Thirdly, feminist’s themselves rarely attend events discussing mens issues unless to deliberately disrupt the proceedings, and usually after their earlier attempts to have the event cancelled failed (using lobbying and misinformation campaigns). Go ahead and google on ‘feminists disrupt mens event’ to rustle up some examples (here’s something to get you started). Clearly the notion that ‘women need to listen while men speak’ doesn’t fly. Can’t feminists just be grateful that men don’t stoop to reciprocating feminist’s own actions?

Fourthly, feminists, both individually and collectively, routinely use many and varied forms of censorship to block and silence men who endeavour to reach out to women to tell them what the world is like for men. Details in this blog post.

Does anyone else think the underlying message of this article is that feminists have ‘all rights and no responsibility’ when it comes to presenting their case?

And in case anyone thought that only Australian feminists would be sufficiently detached from reality to complain about men not wishing to attend feminist events, here is an example from the northern hemisphere:

SXSW’s Online Harassment Summit was just one more place for men to ignore women – Good solutions found a small audience (13 March 2016)

“Soraya Chemaly of Women’s Media Center remarked toward the end of a panel about women in the media: “It’s mainly women in this room. Probably we don’t need this information.”

Yes, I’m sure women know it all already. Gee, I bet that event would have been loads of fun if the other attendees were all as arrogant as Soraya.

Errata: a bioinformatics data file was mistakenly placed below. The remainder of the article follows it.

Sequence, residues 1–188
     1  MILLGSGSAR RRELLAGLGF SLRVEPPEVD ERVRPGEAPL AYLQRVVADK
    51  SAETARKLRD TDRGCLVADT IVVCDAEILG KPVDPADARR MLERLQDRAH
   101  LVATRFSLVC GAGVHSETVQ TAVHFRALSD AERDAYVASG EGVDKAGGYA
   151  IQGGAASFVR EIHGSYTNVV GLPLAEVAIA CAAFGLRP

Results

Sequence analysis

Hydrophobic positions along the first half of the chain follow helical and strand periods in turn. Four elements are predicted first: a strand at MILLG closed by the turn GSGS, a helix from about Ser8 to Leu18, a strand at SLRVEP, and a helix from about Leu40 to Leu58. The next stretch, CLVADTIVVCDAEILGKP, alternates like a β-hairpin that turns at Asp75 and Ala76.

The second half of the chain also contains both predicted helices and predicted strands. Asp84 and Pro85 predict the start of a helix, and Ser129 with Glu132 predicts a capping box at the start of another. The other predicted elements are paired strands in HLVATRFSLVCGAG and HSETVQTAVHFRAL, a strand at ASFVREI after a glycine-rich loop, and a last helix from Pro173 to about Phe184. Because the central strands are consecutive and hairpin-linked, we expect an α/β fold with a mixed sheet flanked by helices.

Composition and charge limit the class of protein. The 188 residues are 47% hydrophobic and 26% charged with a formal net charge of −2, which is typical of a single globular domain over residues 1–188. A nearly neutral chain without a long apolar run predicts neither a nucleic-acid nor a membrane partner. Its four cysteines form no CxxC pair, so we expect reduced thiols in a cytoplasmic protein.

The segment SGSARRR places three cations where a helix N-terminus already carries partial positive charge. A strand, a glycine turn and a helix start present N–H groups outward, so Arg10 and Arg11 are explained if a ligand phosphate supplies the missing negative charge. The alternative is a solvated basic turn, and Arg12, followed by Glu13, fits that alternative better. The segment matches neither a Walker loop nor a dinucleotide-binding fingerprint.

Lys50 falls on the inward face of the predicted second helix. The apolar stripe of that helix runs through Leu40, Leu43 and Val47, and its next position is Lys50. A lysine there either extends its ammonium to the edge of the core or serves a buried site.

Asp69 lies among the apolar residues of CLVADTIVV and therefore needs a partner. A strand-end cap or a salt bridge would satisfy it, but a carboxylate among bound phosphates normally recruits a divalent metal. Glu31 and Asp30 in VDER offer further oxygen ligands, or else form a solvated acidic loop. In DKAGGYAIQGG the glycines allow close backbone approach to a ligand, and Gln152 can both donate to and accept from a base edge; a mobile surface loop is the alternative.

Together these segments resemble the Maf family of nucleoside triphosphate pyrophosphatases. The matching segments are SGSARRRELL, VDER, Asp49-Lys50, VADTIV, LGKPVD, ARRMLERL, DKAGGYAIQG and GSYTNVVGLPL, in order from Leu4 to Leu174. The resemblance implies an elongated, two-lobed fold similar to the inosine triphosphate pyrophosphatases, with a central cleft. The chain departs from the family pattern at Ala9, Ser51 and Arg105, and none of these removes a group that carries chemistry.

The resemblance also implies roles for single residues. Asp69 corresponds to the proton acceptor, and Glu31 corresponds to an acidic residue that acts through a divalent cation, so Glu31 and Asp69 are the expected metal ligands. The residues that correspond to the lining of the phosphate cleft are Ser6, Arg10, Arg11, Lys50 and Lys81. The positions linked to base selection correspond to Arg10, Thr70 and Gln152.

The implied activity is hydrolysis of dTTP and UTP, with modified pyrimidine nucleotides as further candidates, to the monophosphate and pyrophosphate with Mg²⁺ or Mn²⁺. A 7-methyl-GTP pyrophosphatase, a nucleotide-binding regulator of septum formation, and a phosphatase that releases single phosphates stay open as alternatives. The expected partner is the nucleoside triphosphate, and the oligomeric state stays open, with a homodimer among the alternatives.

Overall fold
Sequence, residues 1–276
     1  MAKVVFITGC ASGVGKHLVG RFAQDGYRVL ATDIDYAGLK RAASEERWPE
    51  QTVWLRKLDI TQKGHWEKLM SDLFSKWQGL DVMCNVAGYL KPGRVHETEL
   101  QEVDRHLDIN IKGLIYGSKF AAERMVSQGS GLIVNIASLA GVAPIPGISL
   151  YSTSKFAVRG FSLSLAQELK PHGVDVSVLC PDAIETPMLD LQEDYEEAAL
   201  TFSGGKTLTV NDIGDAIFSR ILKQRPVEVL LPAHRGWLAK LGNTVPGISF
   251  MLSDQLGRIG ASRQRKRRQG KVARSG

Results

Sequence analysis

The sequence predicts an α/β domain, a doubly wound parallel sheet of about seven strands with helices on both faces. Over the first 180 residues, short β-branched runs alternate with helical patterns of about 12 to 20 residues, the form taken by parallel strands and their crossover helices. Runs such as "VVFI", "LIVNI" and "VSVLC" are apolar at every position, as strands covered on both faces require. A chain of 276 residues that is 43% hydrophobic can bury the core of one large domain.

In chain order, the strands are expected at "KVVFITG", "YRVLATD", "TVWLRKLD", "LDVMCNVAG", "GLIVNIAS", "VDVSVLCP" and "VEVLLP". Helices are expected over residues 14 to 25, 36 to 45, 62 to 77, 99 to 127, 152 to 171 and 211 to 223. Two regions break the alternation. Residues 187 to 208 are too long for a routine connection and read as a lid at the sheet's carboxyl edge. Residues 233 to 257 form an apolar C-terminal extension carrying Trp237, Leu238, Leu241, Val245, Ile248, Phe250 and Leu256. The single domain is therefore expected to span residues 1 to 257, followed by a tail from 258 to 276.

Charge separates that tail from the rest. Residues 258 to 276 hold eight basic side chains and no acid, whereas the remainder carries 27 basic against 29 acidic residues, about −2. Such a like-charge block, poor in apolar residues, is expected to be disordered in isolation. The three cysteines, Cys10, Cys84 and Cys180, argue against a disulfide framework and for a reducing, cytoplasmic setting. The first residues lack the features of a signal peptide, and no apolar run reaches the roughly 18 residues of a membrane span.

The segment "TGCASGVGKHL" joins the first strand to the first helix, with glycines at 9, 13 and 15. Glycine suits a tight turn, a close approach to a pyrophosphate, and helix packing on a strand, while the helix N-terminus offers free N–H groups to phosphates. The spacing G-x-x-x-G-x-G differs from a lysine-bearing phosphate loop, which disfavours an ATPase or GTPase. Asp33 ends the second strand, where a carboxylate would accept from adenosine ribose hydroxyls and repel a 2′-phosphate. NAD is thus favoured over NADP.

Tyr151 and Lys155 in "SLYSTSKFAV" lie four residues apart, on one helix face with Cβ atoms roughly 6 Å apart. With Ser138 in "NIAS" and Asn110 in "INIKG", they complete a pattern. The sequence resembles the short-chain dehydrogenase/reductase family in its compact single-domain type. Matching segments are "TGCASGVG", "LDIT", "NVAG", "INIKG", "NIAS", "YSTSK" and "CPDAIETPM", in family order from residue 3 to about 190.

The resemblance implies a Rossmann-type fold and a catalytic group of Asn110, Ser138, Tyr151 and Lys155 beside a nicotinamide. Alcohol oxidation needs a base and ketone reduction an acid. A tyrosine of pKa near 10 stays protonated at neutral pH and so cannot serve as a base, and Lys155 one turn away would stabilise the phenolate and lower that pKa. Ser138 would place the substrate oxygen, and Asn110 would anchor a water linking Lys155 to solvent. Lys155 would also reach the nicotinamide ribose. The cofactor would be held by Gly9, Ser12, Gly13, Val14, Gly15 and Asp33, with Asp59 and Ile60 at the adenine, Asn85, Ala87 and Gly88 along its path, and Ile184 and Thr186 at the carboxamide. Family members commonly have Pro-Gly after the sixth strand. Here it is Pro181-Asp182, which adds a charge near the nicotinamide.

In closing Ruby, maybe this article provides all the answers you need.

See also:

Men, please stop hijacking women’s issues (18 October 2017)

The Feminist Far Left Is Making More Enemies Than Allies, by Claire Connelly (16 March 2017)

Sydney Girls High School prefects hit back after Sydney Boys’ viral video‘ (13 March 2017)

Dear men: Here is your engraved invitation to join the Women’s March on Washington‘ (14 January 2017) See related Reddit discussion thread here

Munk Debates: The End of Men, by Leslie Loftus (21 November 2013)

How a feminist debate was derailed by asking all men to leave (4 December 2012)

2 thoughts on “A feminist laments: “Why do so few men turn up to hear women speak?””

  1. How is it that feminism teaches women so much about men’s issues and their (lack of ) challenges that feminists fully understand men’s perspectives, but life does not teach men about the challenges of being a woman?

    Ruby is right, men need to attend feminist events, as long as they sit at the back and don’t say anything. I looked at the Seven Sisters website, which was a women-only event (as in no trans gender women welcome. May have changed). Here is a quote from the front page:

    “A chance to focus on my own inner health and mental wellbeing, so I can be the best person I can be for my daughters. And to be able to teach them healthy ways to care for themselves.”

    I think this could easily apply to Dads attending a male-only space, free of shaming and judgement that seems to have become *de rigour* for feminists and white Knights. The tragedy is that women meeting in a female only space is celebrated and even defended against the intrusion of transgender women (no penises at all, thank you very much), but any male only space, including washrooms, are now demonised as hotbeds of patriarchal plotting and planning.

    This dual standard sows seeds of isolation that bear tragic fruit in the mental health, homelessness and suicide statistics. Ruby, it is not men that need to listen to you. It is you who need to listen to men.